History of Links

Part 2: Links: The Challenge of Golf

Released in 1990, Links: The Challenge of Golf blew away the competition. This trendsetting title pushed the limits of home computer technology with the latest in video and sound!
The use of VGA graphics and incredible ball physics brought about a new standard of realism that we still see today. The Links team built a true golfing simulator that stood apart from other golf games of the time. Photographed trees and clubhouses, recorded sounds, and digitized golfer animations made it seem as though you were actually on the course.
Of course with realism came a price. You needed a pretty hefty machine to be able to play the game. At the time a 286 IBM PC was fairly common. You could play Links on a 286, but it was very slow. A speedy 386 (12mhz) or faster was the computer you wanted to have.
Links was the first version to use the now well-known C-style swing gauge and aiming marker. I remember trying to get used to that click-hold-release-click action. It was strange at first but became natural after only a few tries.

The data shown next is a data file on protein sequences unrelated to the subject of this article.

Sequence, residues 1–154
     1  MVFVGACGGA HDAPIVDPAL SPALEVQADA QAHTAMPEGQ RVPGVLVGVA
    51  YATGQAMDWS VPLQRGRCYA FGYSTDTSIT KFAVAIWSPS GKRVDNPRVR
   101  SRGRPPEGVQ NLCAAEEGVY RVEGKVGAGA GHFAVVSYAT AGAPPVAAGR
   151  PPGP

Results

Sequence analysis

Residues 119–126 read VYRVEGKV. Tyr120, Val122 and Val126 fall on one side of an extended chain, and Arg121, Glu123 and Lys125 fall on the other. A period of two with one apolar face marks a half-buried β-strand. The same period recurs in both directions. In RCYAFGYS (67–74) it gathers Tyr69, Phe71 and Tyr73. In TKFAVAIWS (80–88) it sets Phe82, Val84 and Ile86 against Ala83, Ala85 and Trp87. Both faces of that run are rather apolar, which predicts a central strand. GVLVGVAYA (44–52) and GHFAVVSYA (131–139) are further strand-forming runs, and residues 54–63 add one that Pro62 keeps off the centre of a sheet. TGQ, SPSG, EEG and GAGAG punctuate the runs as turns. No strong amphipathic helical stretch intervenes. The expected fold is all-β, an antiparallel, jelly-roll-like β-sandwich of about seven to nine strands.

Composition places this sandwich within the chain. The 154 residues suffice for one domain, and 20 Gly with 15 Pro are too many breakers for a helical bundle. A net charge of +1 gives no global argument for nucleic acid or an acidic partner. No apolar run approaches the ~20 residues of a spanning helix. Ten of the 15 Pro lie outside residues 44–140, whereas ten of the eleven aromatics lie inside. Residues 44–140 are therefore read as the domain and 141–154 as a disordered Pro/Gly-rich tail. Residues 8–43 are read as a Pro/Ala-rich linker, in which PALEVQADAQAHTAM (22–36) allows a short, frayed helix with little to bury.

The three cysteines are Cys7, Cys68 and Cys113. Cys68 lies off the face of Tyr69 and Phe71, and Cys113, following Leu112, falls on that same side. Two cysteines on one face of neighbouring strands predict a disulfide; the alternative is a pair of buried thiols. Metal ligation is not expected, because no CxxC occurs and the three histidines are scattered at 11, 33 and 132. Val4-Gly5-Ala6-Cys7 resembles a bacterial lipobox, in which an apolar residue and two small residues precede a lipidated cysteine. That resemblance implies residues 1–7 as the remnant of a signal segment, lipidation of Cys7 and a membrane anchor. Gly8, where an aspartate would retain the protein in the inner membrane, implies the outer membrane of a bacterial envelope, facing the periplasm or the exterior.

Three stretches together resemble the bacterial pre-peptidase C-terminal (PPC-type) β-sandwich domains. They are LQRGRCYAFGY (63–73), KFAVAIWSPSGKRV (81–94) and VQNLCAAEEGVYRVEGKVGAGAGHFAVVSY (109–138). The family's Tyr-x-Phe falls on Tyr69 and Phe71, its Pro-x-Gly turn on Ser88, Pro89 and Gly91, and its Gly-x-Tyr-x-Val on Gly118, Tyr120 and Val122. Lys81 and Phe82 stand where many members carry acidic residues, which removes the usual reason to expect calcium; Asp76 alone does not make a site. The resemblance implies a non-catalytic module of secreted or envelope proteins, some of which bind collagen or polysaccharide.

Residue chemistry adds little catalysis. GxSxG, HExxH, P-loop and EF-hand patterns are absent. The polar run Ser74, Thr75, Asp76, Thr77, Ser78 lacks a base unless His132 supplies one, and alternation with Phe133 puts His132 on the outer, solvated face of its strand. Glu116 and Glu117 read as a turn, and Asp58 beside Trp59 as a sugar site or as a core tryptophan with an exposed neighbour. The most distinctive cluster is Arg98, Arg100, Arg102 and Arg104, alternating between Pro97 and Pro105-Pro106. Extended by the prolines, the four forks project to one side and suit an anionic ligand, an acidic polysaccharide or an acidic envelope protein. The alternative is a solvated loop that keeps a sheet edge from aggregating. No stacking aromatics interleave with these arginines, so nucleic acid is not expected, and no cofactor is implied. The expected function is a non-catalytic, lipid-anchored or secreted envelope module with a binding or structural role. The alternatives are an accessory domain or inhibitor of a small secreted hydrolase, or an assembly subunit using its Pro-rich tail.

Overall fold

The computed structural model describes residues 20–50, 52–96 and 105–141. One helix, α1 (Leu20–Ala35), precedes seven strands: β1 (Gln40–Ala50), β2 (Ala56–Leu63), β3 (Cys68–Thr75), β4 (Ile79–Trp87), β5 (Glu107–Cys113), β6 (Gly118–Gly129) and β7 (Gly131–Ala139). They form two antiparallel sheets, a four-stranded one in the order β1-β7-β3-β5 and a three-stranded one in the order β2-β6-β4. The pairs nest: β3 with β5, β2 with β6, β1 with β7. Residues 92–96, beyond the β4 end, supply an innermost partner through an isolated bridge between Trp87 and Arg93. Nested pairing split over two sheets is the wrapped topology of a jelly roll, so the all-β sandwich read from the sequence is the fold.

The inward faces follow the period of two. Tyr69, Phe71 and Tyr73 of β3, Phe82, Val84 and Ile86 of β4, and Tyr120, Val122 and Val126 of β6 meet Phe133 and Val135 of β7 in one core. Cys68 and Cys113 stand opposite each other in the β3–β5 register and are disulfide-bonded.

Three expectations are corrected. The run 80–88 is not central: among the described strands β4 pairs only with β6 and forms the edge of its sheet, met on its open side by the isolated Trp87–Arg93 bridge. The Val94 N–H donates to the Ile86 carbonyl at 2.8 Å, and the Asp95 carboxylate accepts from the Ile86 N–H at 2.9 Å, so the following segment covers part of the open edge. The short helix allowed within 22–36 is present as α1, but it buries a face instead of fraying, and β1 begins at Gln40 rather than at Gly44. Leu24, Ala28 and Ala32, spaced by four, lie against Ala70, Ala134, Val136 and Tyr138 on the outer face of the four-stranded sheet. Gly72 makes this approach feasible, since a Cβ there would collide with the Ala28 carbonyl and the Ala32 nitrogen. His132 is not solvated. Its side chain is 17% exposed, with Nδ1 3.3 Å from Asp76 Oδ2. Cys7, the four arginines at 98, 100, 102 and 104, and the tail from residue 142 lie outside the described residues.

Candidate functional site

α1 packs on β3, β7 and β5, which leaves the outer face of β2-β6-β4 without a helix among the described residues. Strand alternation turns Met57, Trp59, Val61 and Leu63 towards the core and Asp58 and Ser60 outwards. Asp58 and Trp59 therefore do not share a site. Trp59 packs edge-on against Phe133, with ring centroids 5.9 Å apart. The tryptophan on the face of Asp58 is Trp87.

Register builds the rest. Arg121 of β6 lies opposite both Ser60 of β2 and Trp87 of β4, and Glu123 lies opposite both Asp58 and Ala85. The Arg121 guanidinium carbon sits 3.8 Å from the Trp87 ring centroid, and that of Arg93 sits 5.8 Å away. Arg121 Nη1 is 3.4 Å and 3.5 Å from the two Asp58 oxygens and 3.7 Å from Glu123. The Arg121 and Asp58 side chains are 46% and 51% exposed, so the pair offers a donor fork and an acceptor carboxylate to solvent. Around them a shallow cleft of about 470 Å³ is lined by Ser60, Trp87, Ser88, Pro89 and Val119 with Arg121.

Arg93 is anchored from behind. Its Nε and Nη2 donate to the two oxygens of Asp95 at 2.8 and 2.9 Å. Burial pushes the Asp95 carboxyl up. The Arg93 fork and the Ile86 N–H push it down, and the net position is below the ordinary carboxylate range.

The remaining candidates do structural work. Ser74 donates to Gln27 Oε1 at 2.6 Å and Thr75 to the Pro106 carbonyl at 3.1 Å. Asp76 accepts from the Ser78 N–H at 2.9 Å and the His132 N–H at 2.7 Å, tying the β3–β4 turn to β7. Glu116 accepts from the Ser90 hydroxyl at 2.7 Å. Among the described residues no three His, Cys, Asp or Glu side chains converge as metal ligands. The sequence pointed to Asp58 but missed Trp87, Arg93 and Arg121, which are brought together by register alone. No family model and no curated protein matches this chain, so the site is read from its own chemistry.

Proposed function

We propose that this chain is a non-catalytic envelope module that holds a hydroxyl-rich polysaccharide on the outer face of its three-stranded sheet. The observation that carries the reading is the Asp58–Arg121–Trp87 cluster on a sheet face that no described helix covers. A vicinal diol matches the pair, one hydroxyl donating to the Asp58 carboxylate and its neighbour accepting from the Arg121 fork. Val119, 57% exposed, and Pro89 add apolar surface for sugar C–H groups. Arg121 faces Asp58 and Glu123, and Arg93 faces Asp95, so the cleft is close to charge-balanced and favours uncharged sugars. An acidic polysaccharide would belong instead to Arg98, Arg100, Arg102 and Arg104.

Up to 8 players could compete against each other in this version of Links. Players could choose from three levels of gameplay - beginner, amateur, or pro. You could also choose which clubs you wanted in your bag and which tees you wanted to play from.
Torrey Pines was the first course created for Links, and was released with the game. However, there was a special offer in the box to get the Design Team's home course, Bountiful Golf Club, for only $9.95. That was $15 off the suggested retail price. You can get about 5-10 courses for that suggested price today! Other courses came soon after. Bay Hill, Firestone, Pinehurst, and more were released over the months following the release of Links: The Challenge of Golf.
Links: The Challenge of Golf became the standard that other games strived for. However, it wasn't until 1992 that a new version of Links was released. Links 386 Pro caused a stir in the gaming industry that I remember all too well. That's the focus in the next segment of the History of Links, Part 3: Links 386 Pro.
For even more history on Links and Access Software, take a look at these clips from the "On the Links" newsletter published the summer of 1991.
Special thanks to Radim Ponert for the use of his Links: The Challenge of Golf screen shots!

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